- Markets cautious before BoJ as traders on guard for another policy tweak
- China’s economy slows but avoids contraction, stocks turn lower
- Dollar steady as US data and Fed speakers eyed for direction
Yen rally takes a breather as BoJ awaited
The Japanese yen extended its retreat from its latest highs on Tuesday, though it was flat against the US dollar, amid intense speculation as to what the Bank of Japan will decide when it concludes its two-day policy meeting on Wednesday. There aren’t very high expectations of the BoJ pulling off another surprise tomorrow so soon after the December meeting when it caught investors off guard by widening the yield target band. But with Japan’s 10-year yield repeatedly breaching the upper cap of 0.50% in the last few sessions, a further adjustment in yield curve control policy cannot be ruled out.
The Bank of Japan has a real dilemma on its hands as the previous tweak failed in its objective of making yield curve control more sustainable. Thus, it’s questionable whether policymakers will be able to continue defending the upper yield cap until Kuroda’s replacement takes over the helm in April, as this requires heavy intervention in the bond market.
The worry is that if they opt for another tweak, the yield ceiling would likely come under attack again and so it might make more sense to abandon the controversial policy altogether. Traders are therefore going into the meeting better prepared this time, putting the yen’s ascent on hold for now.
Some caution despite China GDP beat
Overall, the mood was somewhat mixed on Tuesday as investors processed the latest growth data out of China while awaiting more clues on Fed policy from Wednesday’s US retail sales report and the FOMC members scheduled to speak this week.
Growth in the world’s second largest economy slowed to 2.9% year-on-year in the fourth quarter of 2022 and the figure for the whole year was 3.0%, well below the government’s target of around 5.5%. But the lifting of zero-Covid policies in December boosted both retail sales and industrial output during the month, beating the gloomy forecasts, and for the quarter, GDP defied predictions of a contraction, holding flat.
Whilst there are question marks about the reliability of the data given that right until the relaxation of Covid curbs began, large swathes of the country were in lockdown, the recovery is expected to gather more steam in the coming months and so the outlook remains positive. Beijing is determined to kickstart growth and more plans emerged today about further help for the country’s troubled property sector.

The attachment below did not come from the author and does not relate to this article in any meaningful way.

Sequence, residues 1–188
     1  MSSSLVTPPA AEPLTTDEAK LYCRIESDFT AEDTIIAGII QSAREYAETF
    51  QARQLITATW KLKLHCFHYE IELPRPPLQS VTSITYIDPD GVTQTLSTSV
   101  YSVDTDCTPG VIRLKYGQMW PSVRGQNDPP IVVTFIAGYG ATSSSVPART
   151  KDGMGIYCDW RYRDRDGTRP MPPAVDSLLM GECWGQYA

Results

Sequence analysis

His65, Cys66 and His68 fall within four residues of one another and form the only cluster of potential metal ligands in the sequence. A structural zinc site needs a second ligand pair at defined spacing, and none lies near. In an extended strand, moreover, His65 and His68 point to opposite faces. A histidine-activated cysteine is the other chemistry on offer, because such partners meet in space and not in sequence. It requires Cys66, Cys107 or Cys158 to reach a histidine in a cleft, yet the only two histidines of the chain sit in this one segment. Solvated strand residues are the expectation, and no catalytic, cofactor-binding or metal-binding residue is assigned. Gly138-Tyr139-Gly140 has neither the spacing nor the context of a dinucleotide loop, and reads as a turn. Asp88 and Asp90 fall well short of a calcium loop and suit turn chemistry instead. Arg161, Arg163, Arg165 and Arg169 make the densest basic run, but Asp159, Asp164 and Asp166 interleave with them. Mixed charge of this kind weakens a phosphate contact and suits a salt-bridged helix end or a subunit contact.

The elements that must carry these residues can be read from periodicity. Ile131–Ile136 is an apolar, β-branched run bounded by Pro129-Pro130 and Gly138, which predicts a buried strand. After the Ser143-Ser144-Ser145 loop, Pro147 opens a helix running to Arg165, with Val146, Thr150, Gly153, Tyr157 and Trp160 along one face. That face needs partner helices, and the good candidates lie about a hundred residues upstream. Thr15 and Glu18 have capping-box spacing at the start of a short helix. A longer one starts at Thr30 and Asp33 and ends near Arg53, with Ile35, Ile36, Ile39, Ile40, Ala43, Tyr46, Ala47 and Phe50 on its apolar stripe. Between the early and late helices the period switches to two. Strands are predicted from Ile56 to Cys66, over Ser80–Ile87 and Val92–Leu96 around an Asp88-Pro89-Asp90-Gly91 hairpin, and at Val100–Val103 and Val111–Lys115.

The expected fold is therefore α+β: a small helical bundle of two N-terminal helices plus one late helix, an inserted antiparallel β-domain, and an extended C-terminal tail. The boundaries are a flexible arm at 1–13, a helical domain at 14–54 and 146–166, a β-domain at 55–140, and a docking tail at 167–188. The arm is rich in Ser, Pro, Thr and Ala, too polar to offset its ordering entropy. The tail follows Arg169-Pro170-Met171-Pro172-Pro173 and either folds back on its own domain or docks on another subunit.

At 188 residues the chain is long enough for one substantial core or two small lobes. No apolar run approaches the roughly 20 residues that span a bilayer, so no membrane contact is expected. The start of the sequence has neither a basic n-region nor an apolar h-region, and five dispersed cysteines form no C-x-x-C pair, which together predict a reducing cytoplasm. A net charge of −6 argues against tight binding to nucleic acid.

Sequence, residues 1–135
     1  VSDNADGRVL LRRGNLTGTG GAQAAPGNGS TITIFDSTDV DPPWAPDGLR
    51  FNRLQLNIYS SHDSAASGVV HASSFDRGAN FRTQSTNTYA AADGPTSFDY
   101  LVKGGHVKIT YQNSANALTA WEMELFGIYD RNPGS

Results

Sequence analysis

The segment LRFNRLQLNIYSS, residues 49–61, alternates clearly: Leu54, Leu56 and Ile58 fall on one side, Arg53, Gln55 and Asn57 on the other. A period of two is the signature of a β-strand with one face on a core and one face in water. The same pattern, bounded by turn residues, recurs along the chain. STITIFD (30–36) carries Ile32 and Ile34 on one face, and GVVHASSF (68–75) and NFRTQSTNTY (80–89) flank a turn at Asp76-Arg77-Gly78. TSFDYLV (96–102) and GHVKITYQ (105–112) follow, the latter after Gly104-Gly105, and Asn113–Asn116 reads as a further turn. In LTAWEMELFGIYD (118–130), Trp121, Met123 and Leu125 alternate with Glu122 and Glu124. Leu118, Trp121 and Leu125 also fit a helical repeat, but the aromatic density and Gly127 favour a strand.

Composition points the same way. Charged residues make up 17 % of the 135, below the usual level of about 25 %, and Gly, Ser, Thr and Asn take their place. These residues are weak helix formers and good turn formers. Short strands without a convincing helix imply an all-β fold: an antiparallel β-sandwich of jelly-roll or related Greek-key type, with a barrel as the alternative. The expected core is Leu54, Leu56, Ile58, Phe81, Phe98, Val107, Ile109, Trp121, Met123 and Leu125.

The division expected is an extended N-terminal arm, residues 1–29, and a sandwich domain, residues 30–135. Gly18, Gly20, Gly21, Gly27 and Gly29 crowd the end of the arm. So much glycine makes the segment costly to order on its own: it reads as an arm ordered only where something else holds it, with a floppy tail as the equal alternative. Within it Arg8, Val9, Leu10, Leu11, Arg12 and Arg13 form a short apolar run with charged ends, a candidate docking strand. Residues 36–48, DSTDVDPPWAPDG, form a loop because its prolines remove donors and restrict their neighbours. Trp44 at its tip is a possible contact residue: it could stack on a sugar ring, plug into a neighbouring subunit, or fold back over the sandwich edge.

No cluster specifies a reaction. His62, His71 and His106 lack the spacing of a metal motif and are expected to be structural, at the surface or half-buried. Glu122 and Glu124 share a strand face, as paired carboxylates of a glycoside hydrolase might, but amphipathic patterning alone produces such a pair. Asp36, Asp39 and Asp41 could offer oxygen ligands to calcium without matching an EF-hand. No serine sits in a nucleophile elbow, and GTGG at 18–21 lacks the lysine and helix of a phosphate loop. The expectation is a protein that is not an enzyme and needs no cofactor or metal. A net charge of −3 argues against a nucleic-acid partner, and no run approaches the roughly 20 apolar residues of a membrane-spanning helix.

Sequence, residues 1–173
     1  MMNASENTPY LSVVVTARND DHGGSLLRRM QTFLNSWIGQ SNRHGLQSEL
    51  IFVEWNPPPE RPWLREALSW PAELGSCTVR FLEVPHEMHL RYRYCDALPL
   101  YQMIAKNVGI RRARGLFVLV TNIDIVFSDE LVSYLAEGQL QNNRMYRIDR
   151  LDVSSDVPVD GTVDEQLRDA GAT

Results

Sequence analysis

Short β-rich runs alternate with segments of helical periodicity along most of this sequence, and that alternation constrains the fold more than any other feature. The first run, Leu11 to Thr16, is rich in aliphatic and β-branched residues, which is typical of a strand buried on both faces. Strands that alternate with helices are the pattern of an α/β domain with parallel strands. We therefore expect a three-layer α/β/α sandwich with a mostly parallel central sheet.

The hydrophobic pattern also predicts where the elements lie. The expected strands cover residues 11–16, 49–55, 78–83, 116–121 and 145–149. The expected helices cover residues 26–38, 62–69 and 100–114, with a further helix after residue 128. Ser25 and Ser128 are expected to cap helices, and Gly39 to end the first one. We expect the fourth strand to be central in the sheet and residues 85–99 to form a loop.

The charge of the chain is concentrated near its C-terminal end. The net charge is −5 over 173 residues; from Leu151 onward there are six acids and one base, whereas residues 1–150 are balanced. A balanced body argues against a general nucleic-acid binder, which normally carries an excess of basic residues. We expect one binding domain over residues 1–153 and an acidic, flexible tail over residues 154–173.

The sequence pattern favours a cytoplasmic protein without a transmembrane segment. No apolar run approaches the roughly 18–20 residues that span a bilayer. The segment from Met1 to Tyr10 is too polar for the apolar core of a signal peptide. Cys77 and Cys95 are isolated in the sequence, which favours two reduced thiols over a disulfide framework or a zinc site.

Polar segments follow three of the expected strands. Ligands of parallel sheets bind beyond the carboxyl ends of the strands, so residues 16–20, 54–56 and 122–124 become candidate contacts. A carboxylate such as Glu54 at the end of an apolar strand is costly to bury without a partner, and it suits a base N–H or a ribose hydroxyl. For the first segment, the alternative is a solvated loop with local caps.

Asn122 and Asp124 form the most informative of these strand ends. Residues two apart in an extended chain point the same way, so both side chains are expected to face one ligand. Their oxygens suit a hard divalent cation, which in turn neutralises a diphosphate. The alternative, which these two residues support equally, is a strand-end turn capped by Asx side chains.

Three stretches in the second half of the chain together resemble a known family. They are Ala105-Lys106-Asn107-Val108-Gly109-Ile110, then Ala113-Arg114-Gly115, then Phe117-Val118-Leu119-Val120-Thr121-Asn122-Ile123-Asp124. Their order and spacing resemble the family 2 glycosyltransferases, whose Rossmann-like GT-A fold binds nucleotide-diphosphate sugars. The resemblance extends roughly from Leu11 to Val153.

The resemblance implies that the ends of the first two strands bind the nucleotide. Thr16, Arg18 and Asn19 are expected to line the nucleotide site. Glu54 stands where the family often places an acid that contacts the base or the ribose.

Lacklustre mood in stock markets
But in equity markets, US futures and Asian and European stocks were taking a break from the New Year rally to slip into the red.
With the earnings season getting underway and bond yields ticking higher this week, today’s caution seems warranted. Traders should find some direction when Wall Street reopens later on following yesterday’s holiday, and when the earning results from Goldman Sachs, Morgan Stanley and United Airlines start flowing in. The risk that an earnings recession hasn’t been fully priced into US stocks hasn’t gone away, so the recent dip in volatility might not last much longer once the big guns start reporting.
Will policymakers dent optimism about end of rate hikes?
Elsewhere, the US dollar was trading marginally firmer against a basket of currencies, aided by higher Treasury yields, which in turn was weighing on gold. The precious metal has gained about 4.5% so far in 2023 on the back of growing investor confidence that inflation is peaking around the world.
This has given way to optimism that the Fed and other central banks will soon halt their tightening cycles, and even battered cryptocurrencies seem to be benefiting from this. Bitcoin has surged about 28% this year.
But there’s a danger that policymakers will once again push back against expectations of an early pivot. Investors will get to hear from the ECB’s Lagarde and SNB’s Jordan when they speak at the World Economic Forum in Davos later this week, while today, comments from the New York Fed’s Williams might draw some interest.